The 10 oddest travel guides you’ll ever read (if you can find them)

One day in college I was combing through the library’s shelves for a book when I stumbled onto a weathered, dusty hardcover called Afloat and Ashore on the Mediterranean by a man named Lee Meriwether, first published in 1898.

I continued to thumb through it at various times that semester, liking not only the upbeat narrative but also the obscurity of both the book and the author (I have a thing for these types of travel books).

Lee Meriwether might be the most obscure American travel writer there is. He penned dozens of books in his lifetime, all seeming to be out of print, some with direct titles like Recollections of Memphis and some with decidedly clunkier ones like Carrying Civilization to Ethiopia Benefits the Whole World as well as Italy and Ethiopia.

I just love the clumsy redundancy of that title. And the best Meriwether title, almost a book in itself: Seeing Europe by Automobile: A 5,000-mile Motor Trip through France, Switzerland, Germany, Italy; with an Excursion into Andorra, Corfu, Dalmatia and Montenegro.

Anyway, when Meriwether died in St. Louis in 1966, at the age of 103, his travel tombs, apparently never big sellers, had long been forgotten — by most, at least.

But not by Slate..

The online travel magazine cites Meriwether’s A Tramp Trip: How To See Europe on 50 Cents a Day in its recent list of the 10 wackiest travel guide books ever written. It was coming across Meriwether’s name on this list the other day that rekindled memories of that discovery in those shelves years ago.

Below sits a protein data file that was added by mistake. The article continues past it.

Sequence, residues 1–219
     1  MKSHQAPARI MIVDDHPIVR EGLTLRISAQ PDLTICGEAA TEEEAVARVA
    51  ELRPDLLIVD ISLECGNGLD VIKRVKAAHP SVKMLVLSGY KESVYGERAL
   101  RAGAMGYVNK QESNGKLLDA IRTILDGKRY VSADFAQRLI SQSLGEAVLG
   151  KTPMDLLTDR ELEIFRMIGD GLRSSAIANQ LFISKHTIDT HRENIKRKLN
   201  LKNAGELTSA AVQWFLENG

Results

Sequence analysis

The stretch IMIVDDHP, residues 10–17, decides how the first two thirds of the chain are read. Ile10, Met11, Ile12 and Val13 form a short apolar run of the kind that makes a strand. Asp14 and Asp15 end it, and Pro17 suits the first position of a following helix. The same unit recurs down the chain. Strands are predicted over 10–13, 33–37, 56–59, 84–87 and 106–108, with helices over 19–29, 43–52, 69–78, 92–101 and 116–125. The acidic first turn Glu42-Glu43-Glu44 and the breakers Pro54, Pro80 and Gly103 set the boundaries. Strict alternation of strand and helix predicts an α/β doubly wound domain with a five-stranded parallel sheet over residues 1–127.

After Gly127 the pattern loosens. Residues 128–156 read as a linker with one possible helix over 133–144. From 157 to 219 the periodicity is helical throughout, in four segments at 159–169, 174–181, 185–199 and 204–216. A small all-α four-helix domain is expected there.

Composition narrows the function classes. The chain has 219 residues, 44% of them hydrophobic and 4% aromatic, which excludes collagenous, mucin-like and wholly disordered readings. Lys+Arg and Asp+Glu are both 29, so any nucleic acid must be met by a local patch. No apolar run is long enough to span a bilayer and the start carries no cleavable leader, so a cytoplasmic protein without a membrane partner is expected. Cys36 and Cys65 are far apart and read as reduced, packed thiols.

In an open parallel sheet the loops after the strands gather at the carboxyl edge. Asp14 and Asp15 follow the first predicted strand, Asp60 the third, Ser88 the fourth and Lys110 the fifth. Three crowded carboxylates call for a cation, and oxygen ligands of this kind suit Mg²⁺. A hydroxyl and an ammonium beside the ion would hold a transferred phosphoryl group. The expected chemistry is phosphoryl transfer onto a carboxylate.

Tramp, written in 1896, could be the first shoestring guidebook ever, as well as an early backpacker narrative, and as such probably should be regarded as an important milestone. It isn’t really, no doubt because you can’t find the book anywhere.

Slate‘s list highlights nine other works all similar in their inconsequentialness, including one written solely for an audience of English roof-climbers.

The titles:

  1. The Truth About Hunting in Today’s Africa, and How To Go on Safari for $690.00, by George Leonard Herter (1963)
  2. A Guide Through the District of the Lakes in the North of England, by William Wordsworth (5th edition, 1835)
  3. Das Generalgouvernement, by Karl Baedeker (1943)
  4. Fodor’s Indian America, by Jamake Highwater (1975)
  5. Bollocks to Alton Towers, by Robin Halstead, et al. (2006)
  6. Travel Guide of Negro Hotels and Guest Houses, by Afro-American Newspapers (1942)
  7. Lonely Planet Guide to Micronations, by John Ryan et al. (2006)
  8. The Night Climbers of Cambridge, by “Whipplesnaith” (1937)
  9. A Tramp Trip: How To See Europe on Fifty Cents a Day, by Lee Meriwether (1886)
  10. Overland to India and Australia, by the BIT Travel & Help Service (1970)

You’ll have to read the story to get a brief summary of each book and what makes them odd.

The strangest travel guide I know didn’t make Slate’s cut. That would have to be A Journey Around My Room by Xavier de Maistre (1785), which is about, well, just that: A journey from a bed to a desk. It’s still in print.